Fuels have different energy content. Some sources produce the same amount of
electricity from less fuel.
Summary: Fill in the blanks
• Fission occurs when a neutron strikes the nucleus of a uranium-235 atom,
causing the atom to split apart.
• Two new lighter weight atoms, two or three neutrons, and a lot of energy
(mostly as heat) are released.
• If the neutrons that were released hit other uranium-235 atoms, these atoms
• Within seconds, millions of atoms can be fissioning. This sequence of events is
called a nuclear chain reaction.
• The fuel for nuclear power plants is uranium.
• Uranium is a dense metal found in rocks and soil around the world.
• Rock that contains 2 to 4 pounds of uranium per ton is uranium ore.
• Uranium must be mined and milled.
• Milled uranium is converted to a gas .
• To be useful in a power plant, uranium must be enriched so the percent of
U-235 is increased.
• Less than 1 percent of the atoms in uranium ore are uranium-235.
• But power plants need uranium that is about 4 percent uranium-235.
• Uranium enrichment process raises the concentration of uranium-235 based on
the fact that uranium-238 atoms have a tiny bit more mass than uranium-235
• In addition to fission, or splitting atoms of heavy elements, scientists are
learning how to control another type of nuclear reaction called fusion. Fusion
occurs when light atoms of hydrogen join together (or fuse) to create helium
and release a large amount of energy.
Advanced Student Assignment: Fusion
Fusion is the opposite of fission. Fusion is a nuclear reaction in which light
isotopes of hydrogen fuse together.
• Creates new atoms
• Releases a large amount of energy
• May someday offer clean, abundant
Your assignment is to research how
fusion happens on the Sun.
How is fusion different on the Earth?
Lesson 5 Vocabulary
• centrifuge – a machine used to enrich uranium or separate uranium-235 from
uranium-238 so the uranium-235 can be made into fuel for nuclear power
• ceramic – a very hard, non-metal material that can withstand very high
temperatures without melting and does not easily corrode; used for fuel pellets
for nuclear power plants
• fission – to divide or split apart; the process of splitting apart; at a nuclear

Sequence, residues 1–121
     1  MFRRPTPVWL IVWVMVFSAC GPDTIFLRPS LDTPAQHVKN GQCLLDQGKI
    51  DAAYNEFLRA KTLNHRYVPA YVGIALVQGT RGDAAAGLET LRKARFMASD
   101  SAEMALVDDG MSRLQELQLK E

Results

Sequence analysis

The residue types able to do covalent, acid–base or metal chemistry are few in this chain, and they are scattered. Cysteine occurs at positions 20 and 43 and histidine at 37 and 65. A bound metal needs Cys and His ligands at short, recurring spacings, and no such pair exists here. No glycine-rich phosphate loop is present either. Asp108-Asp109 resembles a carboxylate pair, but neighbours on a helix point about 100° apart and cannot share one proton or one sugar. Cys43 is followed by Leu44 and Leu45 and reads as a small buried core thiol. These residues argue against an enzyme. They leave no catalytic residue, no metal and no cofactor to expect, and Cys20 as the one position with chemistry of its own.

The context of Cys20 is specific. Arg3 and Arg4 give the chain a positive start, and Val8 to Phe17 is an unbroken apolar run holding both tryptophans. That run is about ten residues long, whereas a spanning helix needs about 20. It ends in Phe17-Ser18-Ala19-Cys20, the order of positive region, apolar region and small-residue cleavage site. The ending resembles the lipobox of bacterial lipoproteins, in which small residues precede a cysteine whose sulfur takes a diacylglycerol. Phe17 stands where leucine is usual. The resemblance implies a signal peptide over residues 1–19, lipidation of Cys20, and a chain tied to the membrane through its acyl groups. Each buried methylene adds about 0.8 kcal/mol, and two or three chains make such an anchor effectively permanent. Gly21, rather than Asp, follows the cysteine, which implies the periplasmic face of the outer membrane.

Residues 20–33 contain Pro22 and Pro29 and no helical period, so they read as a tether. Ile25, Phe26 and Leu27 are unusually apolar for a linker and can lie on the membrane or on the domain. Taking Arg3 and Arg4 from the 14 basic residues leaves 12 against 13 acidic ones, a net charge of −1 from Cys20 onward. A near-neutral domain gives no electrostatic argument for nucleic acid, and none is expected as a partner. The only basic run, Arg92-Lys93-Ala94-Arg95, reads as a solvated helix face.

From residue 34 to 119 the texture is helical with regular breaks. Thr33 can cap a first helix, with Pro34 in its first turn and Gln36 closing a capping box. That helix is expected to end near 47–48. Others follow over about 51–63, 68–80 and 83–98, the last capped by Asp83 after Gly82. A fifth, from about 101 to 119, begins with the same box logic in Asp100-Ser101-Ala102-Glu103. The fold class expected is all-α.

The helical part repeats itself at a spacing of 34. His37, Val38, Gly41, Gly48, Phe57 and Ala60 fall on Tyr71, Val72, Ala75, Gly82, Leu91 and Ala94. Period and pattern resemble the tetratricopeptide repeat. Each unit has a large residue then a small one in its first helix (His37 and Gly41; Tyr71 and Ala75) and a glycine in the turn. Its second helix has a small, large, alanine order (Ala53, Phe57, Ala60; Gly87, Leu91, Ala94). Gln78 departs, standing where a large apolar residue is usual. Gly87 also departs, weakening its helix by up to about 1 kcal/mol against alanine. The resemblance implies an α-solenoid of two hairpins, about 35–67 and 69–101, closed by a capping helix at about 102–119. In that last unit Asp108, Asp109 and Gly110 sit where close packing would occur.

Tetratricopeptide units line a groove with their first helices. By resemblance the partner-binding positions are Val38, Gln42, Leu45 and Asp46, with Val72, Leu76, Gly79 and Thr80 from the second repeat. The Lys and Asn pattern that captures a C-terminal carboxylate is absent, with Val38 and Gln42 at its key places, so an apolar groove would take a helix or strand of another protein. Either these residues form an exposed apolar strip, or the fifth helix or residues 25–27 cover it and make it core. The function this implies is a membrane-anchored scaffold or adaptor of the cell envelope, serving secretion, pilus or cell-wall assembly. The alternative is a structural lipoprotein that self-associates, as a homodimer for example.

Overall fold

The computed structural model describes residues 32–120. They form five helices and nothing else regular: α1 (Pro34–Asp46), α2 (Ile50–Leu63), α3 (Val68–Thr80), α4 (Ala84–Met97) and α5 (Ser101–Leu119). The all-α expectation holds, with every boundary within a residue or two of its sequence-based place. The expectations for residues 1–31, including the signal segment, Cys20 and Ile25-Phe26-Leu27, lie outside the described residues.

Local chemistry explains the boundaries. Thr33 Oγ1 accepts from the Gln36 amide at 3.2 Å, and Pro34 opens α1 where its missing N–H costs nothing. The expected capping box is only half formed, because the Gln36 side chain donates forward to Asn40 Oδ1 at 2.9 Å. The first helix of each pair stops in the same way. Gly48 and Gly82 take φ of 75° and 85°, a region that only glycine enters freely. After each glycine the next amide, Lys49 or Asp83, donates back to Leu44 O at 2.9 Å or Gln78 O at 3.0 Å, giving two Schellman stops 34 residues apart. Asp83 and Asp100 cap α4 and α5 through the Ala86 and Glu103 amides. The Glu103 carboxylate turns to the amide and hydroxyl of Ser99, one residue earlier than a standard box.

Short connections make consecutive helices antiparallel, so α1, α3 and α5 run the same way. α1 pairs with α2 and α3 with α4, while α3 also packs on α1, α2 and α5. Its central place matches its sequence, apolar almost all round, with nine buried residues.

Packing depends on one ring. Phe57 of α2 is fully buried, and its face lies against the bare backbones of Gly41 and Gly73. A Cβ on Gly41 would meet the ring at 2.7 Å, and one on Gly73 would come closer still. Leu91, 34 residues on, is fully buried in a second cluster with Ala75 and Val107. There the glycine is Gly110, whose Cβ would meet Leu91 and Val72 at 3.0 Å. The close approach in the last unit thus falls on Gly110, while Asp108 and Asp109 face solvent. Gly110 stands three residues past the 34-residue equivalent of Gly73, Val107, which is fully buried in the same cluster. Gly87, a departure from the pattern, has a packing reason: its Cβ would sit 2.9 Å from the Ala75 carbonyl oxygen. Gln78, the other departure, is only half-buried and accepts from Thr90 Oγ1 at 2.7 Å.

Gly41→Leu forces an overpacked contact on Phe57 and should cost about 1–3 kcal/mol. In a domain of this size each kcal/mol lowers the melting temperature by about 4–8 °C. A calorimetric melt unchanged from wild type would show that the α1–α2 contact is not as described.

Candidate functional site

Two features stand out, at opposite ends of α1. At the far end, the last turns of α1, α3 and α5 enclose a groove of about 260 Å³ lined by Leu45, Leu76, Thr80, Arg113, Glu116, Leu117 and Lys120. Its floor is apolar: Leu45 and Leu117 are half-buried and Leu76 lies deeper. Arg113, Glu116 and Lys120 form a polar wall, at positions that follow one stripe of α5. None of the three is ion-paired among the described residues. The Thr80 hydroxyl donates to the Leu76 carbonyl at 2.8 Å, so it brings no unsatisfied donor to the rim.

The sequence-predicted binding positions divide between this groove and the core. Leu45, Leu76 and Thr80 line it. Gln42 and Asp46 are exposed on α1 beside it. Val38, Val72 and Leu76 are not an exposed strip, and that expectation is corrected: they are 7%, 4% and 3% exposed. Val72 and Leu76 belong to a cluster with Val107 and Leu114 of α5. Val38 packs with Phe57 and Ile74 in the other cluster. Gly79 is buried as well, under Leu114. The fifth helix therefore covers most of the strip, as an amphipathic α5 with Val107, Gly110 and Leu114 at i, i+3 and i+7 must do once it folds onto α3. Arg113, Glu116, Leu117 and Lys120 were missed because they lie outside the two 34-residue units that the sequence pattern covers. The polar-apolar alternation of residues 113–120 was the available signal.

power plant it refers to splitting atoms
• fission products – the atomic fragments left after a large atomic nucleus
fissions or splits
• fuel assembly – structure containing fuel rods that hold stacked uranium
pellets; bundles of fuel rods that are loaded in the reactor core
• fuel pellet – a cylinder about the size of your fingertip that is the fuel for nuclear
• fuel rod – long metal tube that holds nuclear fuel pellets
• fusion - a nuclear reaction in which light isotopes of hydrogen fuse together
• inertia– the property of matter to resist change in its motion. An object in
motion remains in motion unless another force acts on it. An object that is not in
motion remains at rest unless a force acts on it.
• in situ – situated in the original, natural place
• leaching – the movement of a substance that has dissolved in a liquid
• milling – a process of grinding and crushing ore
• mill tailings – the radioactive, sand-like materials that remain after uranium is
extracted from uranium ore; contain hazardous substances and radium, which
decays to produce radon; require special disposal
• nuclear chain reaction – a process in which neutrons released in fission
produce an additional fission in at least one further nucleus
• ore – a metal-bearing mineral that can be profitably mined
• reactor – the part of a nuclear power plant where fission takes place
• reclamation – restoration to a useful condition
• uranium enrichment – the process of increasing the percent of uranium-235
for nuclear power plant fuel
• uranium hexafluoride (UF6) – a compound made from uranium and fluorine;
changes to a gas when heated; used in uranium enrichment process
• yellowcake – a yellow powder that is mostly uranium